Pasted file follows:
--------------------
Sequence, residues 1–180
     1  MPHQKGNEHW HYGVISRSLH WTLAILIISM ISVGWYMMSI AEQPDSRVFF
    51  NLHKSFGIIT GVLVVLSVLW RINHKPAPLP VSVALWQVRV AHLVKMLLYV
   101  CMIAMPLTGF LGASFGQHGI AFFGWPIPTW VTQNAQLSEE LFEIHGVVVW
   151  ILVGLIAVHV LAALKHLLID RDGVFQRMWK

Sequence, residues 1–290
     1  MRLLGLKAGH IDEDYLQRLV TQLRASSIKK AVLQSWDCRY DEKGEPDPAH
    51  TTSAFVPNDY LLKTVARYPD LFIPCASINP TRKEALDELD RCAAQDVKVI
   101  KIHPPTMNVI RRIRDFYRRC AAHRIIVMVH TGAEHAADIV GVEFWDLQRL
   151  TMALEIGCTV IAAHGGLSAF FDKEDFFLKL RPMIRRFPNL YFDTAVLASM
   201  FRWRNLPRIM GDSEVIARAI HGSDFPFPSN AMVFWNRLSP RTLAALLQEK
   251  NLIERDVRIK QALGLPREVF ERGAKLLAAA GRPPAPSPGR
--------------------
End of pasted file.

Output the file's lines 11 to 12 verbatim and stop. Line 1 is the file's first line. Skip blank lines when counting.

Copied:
   201  FRWRNLPRIM GDSEVIARAI HGSDFPFPSN AMVFWNRLSP RTLAALLQEK
   251  NLIERDVRIK QALGLPREVF ERGAKLLAAA GRPPAPSPGR